Pharmacy benefit managers ease seniors’ drug costs

A photo illustration of drug costs, with prescription medication atop a dollar bill. (Image: Video_Creative)

The Golden Years for senior citizens across the Golden State are longer and more active than for the generations that preceded us. This is a real gift, but it does mean most of us are battling age-related medical conditions, often dealing with them for decades.

Prescription drugs are a big part of our healthcare toolbox, and today, almost 40 percent of senior citizens use five or more medications.

This can get very expensive. Pharmaceutical manufacturers are charging ever-more outrageous prices for their products, and the trend is not restricted to innovative treatments. Whereas research and development might help to explain the six-figure price tag of new hepatitis C cures, it’s difficult to understand why insulins — diabetes treatments in use for nearly 100 years — more than tripled in price from 2003 to 2013 and then kept going up. Similar price hikes have been imposed on medicines used to treat everything from heart disease to acid reflux to rheumatoid arthritis. Even generic drugs are affected.

The potential for harm from taking the wrong medication is especially high for seniors, so the added protection is welcome.

What a lot of people don’t know is that many seniors are being protected from the gravest impacts of Big Pharma’s excesses by little known players in the healthcare market, pharmacy benefits managers, also known as PBMs.

These companies work on behalf of senior citizens, employers and their workers, unions and their members, and other groups to control prescription drug costs. Those benefitting from PBMs’ efforts include older Americans who rely on Medicare Part D prescription drug coverage and Medicare Advantage health plans.

Pharmacy benefits managers deliver an average savings of $941 per consumer and, given seniors’ greater reliance on prescription drugs, probably much more for the majority of us. In fact, pharmacy benefits managers will save nearly $900 billion for Medicare Part D alone over the next decade. Without PBMs, premiums for the program would be about 66 percent higher.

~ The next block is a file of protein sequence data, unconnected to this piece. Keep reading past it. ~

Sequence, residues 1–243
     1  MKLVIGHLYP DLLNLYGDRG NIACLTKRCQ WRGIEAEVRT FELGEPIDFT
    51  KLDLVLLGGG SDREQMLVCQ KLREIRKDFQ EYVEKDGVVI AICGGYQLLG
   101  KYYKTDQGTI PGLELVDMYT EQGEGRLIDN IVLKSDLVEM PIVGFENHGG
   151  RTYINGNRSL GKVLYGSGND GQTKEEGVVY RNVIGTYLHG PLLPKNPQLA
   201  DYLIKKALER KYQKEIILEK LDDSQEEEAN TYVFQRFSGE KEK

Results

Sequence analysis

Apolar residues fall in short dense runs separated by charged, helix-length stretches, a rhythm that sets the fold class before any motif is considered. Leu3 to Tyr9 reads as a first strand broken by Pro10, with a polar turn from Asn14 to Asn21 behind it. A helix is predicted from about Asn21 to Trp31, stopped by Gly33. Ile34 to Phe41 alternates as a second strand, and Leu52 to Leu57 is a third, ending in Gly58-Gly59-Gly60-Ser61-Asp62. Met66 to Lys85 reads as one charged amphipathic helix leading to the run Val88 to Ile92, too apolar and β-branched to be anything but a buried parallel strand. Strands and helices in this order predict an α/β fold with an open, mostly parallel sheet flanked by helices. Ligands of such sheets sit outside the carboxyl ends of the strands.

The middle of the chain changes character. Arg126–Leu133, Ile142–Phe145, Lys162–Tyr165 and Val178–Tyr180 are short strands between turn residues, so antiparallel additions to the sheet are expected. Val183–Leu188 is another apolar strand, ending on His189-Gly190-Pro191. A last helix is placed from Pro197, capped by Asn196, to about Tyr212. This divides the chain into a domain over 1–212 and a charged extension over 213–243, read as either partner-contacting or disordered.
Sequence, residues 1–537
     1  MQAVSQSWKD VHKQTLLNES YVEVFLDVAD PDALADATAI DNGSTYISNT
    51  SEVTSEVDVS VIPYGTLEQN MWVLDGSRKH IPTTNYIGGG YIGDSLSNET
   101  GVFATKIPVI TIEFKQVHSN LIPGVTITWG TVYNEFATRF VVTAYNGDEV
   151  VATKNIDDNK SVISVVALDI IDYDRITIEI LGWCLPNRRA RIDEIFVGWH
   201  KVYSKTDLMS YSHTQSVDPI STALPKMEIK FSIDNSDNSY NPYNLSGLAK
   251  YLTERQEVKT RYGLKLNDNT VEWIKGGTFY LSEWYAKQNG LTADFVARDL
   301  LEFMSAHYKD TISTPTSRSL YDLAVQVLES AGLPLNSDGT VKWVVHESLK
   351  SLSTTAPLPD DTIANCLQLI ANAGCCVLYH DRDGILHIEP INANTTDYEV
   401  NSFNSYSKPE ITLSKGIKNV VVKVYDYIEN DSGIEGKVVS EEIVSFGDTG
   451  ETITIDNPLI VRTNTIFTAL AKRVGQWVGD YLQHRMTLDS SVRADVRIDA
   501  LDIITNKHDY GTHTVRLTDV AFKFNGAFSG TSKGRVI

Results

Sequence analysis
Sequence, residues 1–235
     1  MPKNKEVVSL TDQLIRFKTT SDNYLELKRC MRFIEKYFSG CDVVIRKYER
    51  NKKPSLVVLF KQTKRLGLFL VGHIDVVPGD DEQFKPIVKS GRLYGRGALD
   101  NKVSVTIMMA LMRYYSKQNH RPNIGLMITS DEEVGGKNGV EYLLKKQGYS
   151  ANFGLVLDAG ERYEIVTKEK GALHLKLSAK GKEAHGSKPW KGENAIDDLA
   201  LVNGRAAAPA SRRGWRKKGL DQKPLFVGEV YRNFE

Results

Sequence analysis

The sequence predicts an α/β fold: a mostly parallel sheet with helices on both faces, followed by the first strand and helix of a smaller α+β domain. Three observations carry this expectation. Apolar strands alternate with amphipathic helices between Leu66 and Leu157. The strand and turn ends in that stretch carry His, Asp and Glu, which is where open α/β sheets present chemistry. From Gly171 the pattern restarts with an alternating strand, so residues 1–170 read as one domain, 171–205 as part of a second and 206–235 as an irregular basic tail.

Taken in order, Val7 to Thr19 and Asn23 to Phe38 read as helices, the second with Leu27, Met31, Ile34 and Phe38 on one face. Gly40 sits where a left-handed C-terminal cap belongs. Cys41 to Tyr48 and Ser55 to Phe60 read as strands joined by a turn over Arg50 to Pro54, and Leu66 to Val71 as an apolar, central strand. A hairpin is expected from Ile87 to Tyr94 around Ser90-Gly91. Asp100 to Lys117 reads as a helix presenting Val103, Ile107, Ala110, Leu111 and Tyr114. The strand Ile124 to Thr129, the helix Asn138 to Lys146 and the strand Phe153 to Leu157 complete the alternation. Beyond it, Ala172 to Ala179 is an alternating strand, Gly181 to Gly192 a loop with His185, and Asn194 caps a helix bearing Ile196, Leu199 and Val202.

Pharmacy benefits managers also supply other advantages. Many seniors enjoy the convenience of mail-order prescription refills, and they can be absolutely essential for home-bound individuals, those who lack transportation, and the medically frail. This service is provided by pharmacy benefits managers.

Then there is safety. Tricare, the health system used by many veterans and their spouses, audited its PBM-run mail-order pharmacy program and found an accuracy rate of 99.9997%. The potential for harm from taking the wrong medication is especially high for seniors, so the added protection is welcome.

Recent innovations are also improving the prescribing process. With new “point of prescribing” transparency tools, we’re likely to see increased coordination and better delivery of care between providers and what’s covered under a patient’s health insurance plan. The technologies provide real-time cost information specific to patients, along with other data about the efficacy and safety of prescriptions. That way, doctors, pharmacists, and patients have the full picture as they seek a medication that can deliver the best health outcome for the patient’s prescription drug dollar.

The U.S. needs to make its healthcare spending more sustainable, and that means tackling the problem of prescription drug pricing. So far, incredible lobbying investment from the pharmaceutical industry has largely protected them from bearing responsibility for rising drug costsandallowed them to scapegoat others.

Unfortunately, pharmaceuticals aren’t like automobiles or hair conditioner. Seniors can’t just shop for a different brand. We’realways going to need allies who can help us and our doctors find the highest value treatments, those that deliver the best results at the most reasonable cost. Pharmacy benefits managers have been there for seniors for years, and elected officials should remember that when pharmaceutical manufacturers point fingers at everyone but themselves for skyrocketing prescription drug costs.

Ed’s Note: Gary Passmore is President of the Congress of California Seniors, a statewide nonprofit advocacy organization focused on legislative and consumer issues that impact older adults.


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